Last week, in a blog post about Jewish terrorism and the implicit support of religious nationalist rabbis, I mentioned that Rabbi Shlomo Aviner of Ateret Cohanim yeshiva has a gutsy liberal side and that I would explain it in a later post. Well, here we go.
We’re going to get philosophical here. Aviner is a major intellectual figure on Israel’s political right, an outstanding defender of the theology of Greater Israel. He’s also a leader of the Hardal school of theologically hardline Zionists who move constantly rightward on questions like women’s rights and civil liberties.
So what makes him liberal? Quite simply, his defense of modernity. In an Orthodox world that is moving increasingly toward Haredi fundamentalism, Aviner is a fearless defender of science, rationalism and the rule of law.
Aviner is a major intellectual force in religious Zionism and the settler movement. He is the chief rabbi of the West Bank settlement of Beit El and dean of Ateret Cohanim yeshiva in East Jerusalem, the Irving Moskowitz-backed institution that won fame in 1990 for taking over a Christian site, St. John’s Hospice, causing an international uproar. Aviner became a focus of international controversy again during Operation Cast Lead, the Israeli incursion into Gaza last January, when it was reported that the rabbinate was handing out booklets to soldiers featuring an incendiary passage by Aviner – a warning to soldiers not to show mercy to enemies. (If you’re thinking he was misquoted, here is the full Aviner piece as published by his own yeshiva.) On top of that, last February he wrote that rabbinic law forbids Arab participation in the Knesset.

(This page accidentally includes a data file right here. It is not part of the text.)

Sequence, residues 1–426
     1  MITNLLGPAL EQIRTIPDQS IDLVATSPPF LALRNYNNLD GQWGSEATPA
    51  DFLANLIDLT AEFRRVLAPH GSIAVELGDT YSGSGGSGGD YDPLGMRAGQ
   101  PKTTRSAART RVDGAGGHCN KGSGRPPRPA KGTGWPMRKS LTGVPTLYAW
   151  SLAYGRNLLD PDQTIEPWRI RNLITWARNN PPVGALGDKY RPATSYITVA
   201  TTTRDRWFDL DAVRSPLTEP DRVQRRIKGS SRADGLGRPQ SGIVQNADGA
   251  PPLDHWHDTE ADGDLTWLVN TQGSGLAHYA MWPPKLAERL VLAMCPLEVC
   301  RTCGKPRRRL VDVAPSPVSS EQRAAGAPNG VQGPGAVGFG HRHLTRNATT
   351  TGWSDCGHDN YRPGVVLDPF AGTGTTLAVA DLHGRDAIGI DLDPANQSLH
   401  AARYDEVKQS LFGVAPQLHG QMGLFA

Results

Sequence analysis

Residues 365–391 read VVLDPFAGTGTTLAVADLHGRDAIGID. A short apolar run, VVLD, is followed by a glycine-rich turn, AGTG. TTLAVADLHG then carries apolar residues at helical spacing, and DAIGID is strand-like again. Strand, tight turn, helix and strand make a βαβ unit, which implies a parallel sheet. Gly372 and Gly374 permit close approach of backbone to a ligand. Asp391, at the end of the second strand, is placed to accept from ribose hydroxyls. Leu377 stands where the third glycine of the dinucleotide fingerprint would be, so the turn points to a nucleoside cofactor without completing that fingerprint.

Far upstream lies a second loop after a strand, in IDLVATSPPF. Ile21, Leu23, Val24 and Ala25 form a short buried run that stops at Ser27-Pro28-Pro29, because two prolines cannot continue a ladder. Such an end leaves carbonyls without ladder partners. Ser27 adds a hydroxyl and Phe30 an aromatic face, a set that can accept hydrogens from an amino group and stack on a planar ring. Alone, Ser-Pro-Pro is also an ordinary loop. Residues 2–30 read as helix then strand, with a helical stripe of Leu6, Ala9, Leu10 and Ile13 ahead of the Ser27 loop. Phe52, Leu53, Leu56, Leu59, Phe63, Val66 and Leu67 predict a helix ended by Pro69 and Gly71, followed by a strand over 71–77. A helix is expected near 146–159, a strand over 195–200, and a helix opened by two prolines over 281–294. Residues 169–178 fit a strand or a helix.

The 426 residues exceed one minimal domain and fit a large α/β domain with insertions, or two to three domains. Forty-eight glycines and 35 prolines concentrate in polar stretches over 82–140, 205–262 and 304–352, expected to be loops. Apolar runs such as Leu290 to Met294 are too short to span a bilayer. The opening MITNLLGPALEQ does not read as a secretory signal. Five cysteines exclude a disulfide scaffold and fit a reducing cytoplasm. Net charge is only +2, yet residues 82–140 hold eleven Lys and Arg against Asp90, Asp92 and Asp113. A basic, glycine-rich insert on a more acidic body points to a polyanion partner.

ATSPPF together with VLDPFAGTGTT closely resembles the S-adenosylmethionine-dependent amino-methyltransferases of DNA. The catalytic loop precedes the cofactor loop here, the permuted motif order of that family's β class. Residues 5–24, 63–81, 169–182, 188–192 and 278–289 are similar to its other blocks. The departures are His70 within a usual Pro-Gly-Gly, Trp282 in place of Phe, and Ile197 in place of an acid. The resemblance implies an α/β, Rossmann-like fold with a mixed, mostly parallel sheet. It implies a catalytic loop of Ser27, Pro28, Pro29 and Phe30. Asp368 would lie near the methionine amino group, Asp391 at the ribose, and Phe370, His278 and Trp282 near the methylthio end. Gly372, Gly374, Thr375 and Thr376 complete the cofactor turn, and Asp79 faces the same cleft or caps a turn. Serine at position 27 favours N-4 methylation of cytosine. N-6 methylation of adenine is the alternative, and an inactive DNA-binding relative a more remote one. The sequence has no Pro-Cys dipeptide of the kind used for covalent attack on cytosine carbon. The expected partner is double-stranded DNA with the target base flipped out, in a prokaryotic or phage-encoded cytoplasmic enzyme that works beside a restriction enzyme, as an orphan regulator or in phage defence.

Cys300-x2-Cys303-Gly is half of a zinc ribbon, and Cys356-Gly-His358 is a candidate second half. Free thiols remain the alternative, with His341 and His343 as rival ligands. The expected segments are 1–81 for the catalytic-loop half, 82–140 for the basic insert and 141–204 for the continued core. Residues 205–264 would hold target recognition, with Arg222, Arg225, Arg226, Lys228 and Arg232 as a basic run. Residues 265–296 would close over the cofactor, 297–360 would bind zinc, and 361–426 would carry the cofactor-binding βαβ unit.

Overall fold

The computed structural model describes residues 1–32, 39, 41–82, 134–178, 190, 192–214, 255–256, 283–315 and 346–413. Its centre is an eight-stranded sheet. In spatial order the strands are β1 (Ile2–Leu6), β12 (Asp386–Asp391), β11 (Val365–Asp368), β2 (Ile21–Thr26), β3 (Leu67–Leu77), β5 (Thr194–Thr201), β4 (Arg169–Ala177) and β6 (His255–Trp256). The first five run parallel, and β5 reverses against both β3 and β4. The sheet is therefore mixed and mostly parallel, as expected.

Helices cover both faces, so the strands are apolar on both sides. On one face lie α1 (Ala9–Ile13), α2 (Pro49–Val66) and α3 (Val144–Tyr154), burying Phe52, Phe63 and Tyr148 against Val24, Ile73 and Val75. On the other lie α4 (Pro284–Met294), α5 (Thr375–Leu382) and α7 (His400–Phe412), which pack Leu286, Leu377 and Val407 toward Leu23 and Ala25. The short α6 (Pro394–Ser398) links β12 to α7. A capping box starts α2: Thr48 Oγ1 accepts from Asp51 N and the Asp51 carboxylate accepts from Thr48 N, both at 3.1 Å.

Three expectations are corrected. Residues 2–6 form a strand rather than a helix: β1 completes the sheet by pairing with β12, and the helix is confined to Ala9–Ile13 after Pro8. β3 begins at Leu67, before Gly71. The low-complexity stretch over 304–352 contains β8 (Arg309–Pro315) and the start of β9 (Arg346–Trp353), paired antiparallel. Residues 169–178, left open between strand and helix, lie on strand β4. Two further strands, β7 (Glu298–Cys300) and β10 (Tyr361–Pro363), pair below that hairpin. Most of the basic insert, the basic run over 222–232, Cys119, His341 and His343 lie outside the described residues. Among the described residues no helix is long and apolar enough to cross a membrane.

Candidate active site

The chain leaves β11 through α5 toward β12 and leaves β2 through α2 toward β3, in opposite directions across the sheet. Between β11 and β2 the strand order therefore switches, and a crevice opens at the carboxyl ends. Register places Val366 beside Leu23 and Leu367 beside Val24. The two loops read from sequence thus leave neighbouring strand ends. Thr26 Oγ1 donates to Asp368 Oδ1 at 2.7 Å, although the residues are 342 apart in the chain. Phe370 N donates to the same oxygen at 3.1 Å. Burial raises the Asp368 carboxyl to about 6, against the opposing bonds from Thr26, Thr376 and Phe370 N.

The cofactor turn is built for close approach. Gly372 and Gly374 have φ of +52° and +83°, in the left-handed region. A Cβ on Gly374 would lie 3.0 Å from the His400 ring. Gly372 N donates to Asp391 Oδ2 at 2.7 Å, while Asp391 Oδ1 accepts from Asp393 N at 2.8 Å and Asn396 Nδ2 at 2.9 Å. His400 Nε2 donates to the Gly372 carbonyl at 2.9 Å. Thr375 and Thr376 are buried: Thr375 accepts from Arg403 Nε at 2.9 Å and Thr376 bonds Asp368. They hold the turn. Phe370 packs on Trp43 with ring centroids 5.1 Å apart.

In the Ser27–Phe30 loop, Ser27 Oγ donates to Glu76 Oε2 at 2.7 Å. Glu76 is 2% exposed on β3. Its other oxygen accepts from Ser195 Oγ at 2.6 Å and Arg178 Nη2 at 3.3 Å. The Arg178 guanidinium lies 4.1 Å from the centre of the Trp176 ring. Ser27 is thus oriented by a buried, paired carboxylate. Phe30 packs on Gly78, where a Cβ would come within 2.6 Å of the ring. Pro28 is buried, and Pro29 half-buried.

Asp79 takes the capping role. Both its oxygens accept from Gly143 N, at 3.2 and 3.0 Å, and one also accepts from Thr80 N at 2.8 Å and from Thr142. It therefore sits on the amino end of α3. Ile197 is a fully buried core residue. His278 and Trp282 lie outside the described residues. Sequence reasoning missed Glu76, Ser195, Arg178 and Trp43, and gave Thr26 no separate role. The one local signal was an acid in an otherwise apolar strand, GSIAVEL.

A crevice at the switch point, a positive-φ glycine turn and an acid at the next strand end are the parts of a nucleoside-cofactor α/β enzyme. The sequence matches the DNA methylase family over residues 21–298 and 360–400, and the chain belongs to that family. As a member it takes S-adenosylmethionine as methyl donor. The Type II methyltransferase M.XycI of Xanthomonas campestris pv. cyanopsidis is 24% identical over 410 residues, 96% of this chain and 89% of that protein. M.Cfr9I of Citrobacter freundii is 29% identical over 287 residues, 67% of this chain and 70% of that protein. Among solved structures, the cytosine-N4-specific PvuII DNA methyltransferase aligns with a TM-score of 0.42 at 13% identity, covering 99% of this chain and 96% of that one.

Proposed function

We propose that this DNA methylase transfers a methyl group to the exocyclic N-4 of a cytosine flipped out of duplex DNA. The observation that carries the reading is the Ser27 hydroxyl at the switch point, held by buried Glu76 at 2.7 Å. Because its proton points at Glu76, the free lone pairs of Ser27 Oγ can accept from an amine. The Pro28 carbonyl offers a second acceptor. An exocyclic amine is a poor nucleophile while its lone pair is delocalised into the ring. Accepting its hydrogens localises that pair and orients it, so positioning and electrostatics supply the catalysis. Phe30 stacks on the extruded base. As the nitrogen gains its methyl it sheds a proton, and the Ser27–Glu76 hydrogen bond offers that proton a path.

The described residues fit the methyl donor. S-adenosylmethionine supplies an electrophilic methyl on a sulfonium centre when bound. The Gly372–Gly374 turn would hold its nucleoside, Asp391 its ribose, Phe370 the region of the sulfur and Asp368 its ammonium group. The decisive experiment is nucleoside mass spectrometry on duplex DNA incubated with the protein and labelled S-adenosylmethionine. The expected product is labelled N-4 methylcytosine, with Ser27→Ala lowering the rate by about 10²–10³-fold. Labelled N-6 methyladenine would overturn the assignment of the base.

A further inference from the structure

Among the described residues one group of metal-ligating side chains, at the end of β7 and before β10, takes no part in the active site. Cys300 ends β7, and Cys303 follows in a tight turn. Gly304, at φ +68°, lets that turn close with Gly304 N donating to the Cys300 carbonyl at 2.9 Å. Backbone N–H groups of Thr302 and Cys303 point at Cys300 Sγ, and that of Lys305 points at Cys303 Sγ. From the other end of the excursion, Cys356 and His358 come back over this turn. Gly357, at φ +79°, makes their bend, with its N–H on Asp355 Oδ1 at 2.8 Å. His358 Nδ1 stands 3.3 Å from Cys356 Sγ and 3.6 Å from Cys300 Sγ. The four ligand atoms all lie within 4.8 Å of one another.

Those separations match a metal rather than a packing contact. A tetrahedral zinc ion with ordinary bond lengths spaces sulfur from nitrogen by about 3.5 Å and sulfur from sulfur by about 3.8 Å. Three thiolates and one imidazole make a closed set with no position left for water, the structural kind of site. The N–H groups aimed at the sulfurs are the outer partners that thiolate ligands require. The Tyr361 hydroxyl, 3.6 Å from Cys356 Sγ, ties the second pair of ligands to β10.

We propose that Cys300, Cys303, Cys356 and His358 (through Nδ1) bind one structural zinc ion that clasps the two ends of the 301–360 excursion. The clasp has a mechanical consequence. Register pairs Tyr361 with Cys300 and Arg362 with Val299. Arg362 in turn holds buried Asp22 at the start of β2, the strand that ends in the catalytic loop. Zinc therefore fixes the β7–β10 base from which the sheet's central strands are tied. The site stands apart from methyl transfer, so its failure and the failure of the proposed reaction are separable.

For all that, he has gained a reputation in much of the settler community as something of a leftist heretic for his opposition to soldiers disobeying orders when commanded to evacuate settlers. Last year he was prevented by right-wing rabbis from speaking in his own settlement. Some far rightists are calling him “the Shabak rabbi,” which is akin to calling someone an informer or turncoat. (Shabak is the Hebrew acronym for General Security Service, or Shin Bet.)
But there is a deeper liberalism in operation, and it’s important to know about it. This past July he was asked by a student at his yeshiva, during a lunchtime discussion that was transcribed, whether dinosaurs actually existed. This is a charged issue on the Orthodox right. Acknowledging that dinosaurs existed implies that the world isn’t 5,770 years old and, by extension, that the Torah isn’t literally true. The issue caused a crisis in Israel following the release of Steven Spielberg’s “Jurassic Park” in 1993, when Tene (TEH-neh), one of the country’s largest dairy companies, lost its kosher certification for putting dinosaurs pictures on its flavored yogurt containers.
Aviner’s reply to the question was an eye-opener, and a stark reminder that there is still a difference between Modern Orthodoxy and Haredi or ultra-Orthodoxy, and that the settler movement is, in its own way, on the side of modernity (more on that in another post).
The motto of American Modern Orthodoxy, alert readers recall, is Torah u-Mada, “Torah and Science.” Modern Orthodoxy begins with the insistence that faithfulness to the Torah should not shut one off from the intellectual progress of the modern world.
Well, Aviner’s reply to the question about dinosaurs was, in a word: Hey, we’ve found their bones. We know they’re real. And if the Torah seems to say otherwise, that’s “irrelevant.” Citing the Maharal, Rabbi Judah Loewe of Prague (1525-1609), Aviner says “that the purpose of science is to describe reality, while the Torah describes what reality should be, i.e. what is good and what is bad.”
Read Aviner’s words about dinosaurs and Rabbi Loewe, after the jump: